WEATHER KATRINAFor all practical purposes, it was like a day at the beach for the U.S. Supreme Court on Wednesday as the justices considered Florida’s program to bring in sand to save miles of eroding shorelines.

A lawyer for six homeowners in Florida’s Walton County argued the program resulted in a strip of state-owned sand between their property and the Gulf of Mexico, depriving them of their exclusive beach access and violating their rights.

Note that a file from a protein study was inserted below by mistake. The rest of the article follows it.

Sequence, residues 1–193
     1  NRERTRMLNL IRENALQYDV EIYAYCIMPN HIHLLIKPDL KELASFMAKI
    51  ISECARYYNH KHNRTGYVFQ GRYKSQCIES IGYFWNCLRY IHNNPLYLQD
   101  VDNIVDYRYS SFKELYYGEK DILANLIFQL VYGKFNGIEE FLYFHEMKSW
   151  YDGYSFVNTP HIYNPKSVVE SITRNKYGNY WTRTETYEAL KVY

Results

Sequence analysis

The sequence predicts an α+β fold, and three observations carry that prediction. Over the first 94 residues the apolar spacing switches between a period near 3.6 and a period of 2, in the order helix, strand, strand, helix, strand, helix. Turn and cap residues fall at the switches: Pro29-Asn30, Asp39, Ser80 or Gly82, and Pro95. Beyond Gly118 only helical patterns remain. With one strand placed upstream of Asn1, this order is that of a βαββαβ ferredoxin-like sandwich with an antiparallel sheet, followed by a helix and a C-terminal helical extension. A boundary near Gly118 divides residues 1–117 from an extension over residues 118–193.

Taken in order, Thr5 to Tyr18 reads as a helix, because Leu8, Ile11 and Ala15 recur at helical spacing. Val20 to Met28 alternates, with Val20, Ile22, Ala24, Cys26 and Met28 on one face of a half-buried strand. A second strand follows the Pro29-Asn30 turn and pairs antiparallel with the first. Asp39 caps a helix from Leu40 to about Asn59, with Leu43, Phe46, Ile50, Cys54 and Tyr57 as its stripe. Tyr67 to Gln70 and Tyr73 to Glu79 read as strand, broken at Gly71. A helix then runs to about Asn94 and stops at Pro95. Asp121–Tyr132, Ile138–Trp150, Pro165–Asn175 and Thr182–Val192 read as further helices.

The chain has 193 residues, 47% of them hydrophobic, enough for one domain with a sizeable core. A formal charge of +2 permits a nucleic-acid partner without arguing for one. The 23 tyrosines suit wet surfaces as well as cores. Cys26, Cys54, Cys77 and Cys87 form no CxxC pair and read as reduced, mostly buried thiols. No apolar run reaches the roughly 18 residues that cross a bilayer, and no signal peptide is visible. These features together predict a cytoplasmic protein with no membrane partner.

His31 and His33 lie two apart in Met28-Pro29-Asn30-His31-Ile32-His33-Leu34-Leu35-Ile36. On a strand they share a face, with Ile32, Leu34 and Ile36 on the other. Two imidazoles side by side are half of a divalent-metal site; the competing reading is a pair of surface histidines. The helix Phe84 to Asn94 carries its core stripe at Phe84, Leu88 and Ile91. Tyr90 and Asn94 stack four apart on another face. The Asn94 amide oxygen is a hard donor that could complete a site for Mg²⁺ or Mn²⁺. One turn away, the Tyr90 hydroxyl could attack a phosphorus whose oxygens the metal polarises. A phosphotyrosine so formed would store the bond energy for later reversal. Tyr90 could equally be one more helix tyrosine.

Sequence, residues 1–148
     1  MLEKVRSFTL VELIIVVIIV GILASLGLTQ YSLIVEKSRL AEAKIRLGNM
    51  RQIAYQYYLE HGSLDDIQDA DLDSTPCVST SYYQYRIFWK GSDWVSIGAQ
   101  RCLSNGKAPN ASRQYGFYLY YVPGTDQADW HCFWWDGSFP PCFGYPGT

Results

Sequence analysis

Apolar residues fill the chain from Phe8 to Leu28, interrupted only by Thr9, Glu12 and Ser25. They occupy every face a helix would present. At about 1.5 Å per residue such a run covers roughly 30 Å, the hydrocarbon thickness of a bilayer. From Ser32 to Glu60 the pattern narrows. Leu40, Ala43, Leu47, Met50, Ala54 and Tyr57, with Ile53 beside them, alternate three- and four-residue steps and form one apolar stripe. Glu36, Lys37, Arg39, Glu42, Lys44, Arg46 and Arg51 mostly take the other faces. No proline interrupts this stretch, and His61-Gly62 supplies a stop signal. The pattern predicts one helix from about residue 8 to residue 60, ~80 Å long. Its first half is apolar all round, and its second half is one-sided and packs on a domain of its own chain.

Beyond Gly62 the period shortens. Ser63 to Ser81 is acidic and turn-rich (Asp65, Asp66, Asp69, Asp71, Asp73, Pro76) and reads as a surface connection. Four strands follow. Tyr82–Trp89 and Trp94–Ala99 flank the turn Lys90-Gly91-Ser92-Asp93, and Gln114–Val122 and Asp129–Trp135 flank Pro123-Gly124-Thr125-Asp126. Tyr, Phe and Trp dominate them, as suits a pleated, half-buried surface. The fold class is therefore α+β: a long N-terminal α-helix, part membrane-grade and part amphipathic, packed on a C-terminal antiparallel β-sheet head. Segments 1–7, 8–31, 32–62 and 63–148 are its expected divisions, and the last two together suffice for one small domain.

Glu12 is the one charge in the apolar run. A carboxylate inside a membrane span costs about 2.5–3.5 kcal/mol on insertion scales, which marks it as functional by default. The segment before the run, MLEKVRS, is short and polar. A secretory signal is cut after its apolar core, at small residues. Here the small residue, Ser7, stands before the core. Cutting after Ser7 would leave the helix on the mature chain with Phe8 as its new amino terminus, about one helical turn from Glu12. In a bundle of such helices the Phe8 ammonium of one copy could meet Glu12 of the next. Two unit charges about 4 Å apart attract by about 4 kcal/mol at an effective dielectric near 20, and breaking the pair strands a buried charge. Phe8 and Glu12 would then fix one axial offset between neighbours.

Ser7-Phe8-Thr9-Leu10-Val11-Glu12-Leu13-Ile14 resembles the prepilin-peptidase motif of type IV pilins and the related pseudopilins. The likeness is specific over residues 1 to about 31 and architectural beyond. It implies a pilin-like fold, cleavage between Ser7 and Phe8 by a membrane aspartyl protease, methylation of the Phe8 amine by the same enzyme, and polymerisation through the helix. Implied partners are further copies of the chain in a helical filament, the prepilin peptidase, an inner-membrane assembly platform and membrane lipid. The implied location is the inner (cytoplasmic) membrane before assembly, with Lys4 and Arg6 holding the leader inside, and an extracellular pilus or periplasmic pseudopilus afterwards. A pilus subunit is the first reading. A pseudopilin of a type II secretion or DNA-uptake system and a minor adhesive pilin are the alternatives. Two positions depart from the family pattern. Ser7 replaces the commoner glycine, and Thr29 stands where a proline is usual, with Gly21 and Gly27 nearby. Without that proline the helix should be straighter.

The homeowners want the state to pay them undetermined compensation for the “taking” of their property. But some of the court’s liberals appeared skeptical of the argument.

“You didn’t lose anything,” Justice Stephen Breyer told D. Kent Safriet, the attorney arguing for the homeowners. “You didn’t lose one inch. All you lost was the right to touch the water.”

Justice Ruth Bader Ginsburg asked whether any other homeowners had objected to the program.